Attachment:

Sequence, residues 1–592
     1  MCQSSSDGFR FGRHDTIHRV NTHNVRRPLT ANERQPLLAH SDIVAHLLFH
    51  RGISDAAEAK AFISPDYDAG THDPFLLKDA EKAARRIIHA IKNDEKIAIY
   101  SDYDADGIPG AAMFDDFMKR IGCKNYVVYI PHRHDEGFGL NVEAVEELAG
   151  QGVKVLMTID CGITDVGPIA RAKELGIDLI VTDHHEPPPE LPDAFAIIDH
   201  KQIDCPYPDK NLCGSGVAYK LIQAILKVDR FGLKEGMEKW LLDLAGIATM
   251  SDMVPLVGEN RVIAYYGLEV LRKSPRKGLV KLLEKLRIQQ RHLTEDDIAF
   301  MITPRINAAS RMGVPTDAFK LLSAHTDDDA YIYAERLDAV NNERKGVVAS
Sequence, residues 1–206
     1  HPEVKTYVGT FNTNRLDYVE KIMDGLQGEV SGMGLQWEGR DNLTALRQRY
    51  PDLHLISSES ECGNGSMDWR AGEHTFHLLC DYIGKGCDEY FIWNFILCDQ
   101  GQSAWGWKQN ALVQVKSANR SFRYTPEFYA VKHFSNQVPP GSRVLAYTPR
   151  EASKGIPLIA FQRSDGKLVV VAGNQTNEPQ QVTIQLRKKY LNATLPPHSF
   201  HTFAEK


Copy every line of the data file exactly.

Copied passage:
Sequence, residues 1–592
     1  MCQSSSDGFR FGRHDTIHRV NTHNVRRPLT ANERQPLLAH SDIVAHLLFH
    51  RGISDAAEAK AFISPDYDAG THDPFLLKDA EKAARRIIHA IKNDEKIAIY
   101  SDYDADGIPG AAMFDDFMKR IGCKNYVVYI PHRHDEGFGL NVEAVEELAG
   151  QGVKVLMTID CGITDVGPIA RAKELGIDLI VTDHHEPPPE LPDAFAIIDH
   201  KQIDCPYPDK NLCGSGVAYK LIQAILKVDR FGLKEGMEKW LLDLAGIATM
   251  SDMVPLVGEN RVIAYYGLEV LRKSPRKGLV KLLEKLRIQQ RHLTEDDIAF
   301  MITPRINAAS RMGVPTDAFK LLSAHTDDDA YIYAERLDAV NNERKGVVAS
Sequence, residues 1–206
     1  HPEVKTYVGT FNTNRLDYVE KIMDGLQGEV SGMGLQWEGR DNLTALRQRY
    51  PDLHLISSES ECGNGSMDWR AGEHTFHLLC DYIGKGCDEY FIWNFILCDQ
   101  GQSAWGWKQN ALVQVKSANR SFRYTPEFYA VKHFSNQVPP GSRVLAYTPR
   151  EASKGIPLIA FQRSDGKLVV VAGNQTNEPQ QVTIQLRKKY LNATLPPHSF
   201  HTFAEK